Application Performance Management (APM) is a broad concept, and many technologies fall under its umbrella. With renewed focus on performance, APM is a very hot topic and a high growth area for products and services, which has given way to a gold rush of new tech vendors entering the space. With so many players now in the game, the APM market is much more fragmented than it used to be. While the spike in innovation and growing number of APM tools available on the market today is incredibly exciting, the problem is that we suddenly find ourselves using a different tool for each separate piece of the APM puzzle, and none of these tools and technologies are designed to work with one another. There is no Swiss army knife for APM.
Are your apples really apples?
There are many components involved in APM, all of which are measured in different ways by different metrics. One tool may take a look at one part of the picture, while another tool is also looking at the picture from a different aspect using a different methodology and giving a different result. This kind of approach generally results in differing metrics appearing in any comparison between the two tools’ output. It’s usually not clear in a multi-tool environment if you are truly comparing apples to apples, and that can skew the interpretation of the resulting output significantly.
Let’s say that you use synthetic event generating tools to check availability. Even if that tool shows good availability, another tool located within the firewall may test for availability based on user location and find blockages that are not triggered by the synthetic event tool. Where the tools are located within the network topology is important, along with all of these other considerations.
The dirty secret about using individual APM tools that the sellers don’t mention is how the tools that they sell you will not talk to another tool in use made by another vendor. It’s by design, not accident. The vendor wants you to use their tool, not someone else’s. They hide results in their own separate data silo and won’t communicate with other processes that may be happening at the same time. But this kind of thinking ensures that one will miss the synergistic effect that can be had when there are two tools looking at the same situation. This synergy is hard to achieve if one has to manually integrate the output of two (or more) tools that are looking at some problem at the same time. It makes for a lousy user experience (UX), and a UX that not one of the many different departments affected by APM (ops, developers, testers, end-users) likes very much.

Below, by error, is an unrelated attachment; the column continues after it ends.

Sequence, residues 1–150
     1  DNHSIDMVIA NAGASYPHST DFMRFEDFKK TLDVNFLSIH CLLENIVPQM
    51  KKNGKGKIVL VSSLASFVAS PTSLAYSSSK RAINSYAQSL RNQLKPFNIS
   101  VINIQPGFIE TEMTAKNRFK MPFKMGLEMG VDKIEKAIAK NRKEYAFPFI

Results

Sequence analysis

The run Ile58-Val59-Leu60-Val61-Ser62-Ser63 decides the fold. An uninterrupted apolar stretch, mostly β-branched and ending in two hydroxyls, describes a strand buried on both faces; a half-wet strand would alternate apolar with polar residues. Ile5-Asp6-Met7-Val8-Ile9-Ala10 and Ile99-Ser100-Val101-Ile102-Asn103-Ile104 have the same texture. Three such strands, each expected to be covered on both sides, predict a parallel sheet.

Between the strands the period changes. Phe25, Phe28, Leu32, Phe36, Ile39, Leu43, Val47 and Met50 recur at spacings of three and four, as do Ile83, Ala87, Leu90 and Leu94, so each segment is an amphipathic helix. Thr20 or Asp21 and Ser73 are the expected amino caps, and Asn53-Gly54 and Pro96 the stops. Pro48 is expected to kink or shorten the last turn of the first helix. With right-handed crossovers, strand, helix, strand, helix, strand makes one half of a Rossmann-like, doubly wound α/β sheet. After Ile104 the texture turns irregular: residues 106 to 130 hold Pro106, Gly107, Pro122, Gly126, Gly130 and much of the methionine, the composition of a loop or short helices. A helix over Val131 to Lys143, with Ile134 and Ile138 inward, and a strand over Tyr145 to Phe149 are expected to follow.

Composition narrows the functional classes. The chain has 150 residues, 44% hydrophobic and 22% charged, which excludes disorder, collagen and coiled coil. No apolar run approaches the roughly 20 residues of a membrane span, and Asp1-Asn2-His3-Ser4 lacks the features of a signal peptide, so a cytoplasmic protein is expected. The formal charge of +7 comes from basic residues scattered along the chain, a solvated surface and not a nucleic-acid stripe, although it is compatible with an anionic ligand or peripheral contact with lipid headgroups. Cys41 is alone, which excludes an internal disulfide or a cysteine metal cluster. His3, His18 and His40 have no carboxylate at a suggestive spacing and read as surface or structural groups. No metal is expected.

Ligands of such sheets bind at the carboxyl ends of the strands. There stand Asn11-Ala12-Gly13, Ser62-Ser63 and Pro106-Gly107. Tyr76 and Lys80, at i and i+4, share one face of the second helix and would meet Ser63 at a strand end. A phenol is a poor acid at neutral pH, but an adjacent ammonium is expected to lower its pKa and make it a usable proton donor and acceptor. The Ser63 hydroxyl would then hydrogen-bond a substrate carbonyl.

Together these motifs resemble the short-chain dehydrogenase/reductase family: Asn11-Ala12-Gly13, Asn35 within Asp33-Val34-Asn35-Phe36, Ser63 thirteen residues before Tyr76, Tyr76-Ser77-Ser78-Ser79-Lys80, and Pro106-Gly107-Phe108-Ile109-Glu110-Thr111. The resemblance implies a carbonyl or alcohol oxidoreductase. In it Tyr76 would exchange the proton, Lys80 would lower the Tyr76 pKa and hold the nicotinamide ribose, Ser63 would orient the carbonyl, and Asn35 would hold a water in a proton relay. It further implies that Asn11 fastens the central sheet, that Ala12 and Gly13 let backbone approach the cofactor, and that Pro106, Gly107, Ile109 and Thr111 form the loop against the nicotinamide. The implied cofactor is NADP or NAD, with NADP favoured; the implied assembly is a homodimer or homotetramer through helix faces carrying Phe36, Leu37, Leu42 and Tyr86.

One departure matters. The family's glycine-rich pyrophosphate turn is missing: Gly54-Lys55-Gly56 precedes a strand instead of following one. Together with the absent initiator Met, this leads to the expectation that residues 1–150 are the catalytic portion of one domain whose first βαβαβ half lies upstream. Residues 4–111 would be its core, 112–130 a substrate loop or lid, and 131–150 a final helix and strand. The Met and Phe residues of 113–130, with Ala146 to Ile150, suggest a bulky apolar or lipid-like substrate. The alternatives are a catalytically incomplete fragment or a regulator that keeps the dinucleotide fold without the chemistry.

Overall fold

The practice of using point solutions from a number of different vendors that can’t intercommunicate also stops one tool from being able to set a boundary condition for another. As an example, let’s say that your deep packet inspection (DPI) tool is sniffing the wires to see why a node is jamming up. Doing DPI is hard in the best of cases (and computation intensive), much like getting just a syslog dump and expecting to find something that will help rectify a problem. Let’s say you use some synthetic APM tool to generate what you think will cause a fault. If the event tool can’t tell the DPI tool to concentrate on packets that are generated only after the synthetic events are generated, there will be a mass of unneeded packet inspections to wade through in the analysis.
Multiple tools can result in multiple problems
Further complicating things, each of the multiple tools being used in complex situation could be the wrong tool for a specific situation. If a problem primarily arises from the network environment then doing a DPI on the wire relative to one location in the network may not even show it. There is just no guarantee that the specific tools that are chosen will help to show an answer to a problem, regardless of what the problem is. This means the user wants the widest possible field of vision around an event, so they can get actionable intelligence from the analysis. This speaks to the necessity of tools that talk to one another.
Users can’t be poked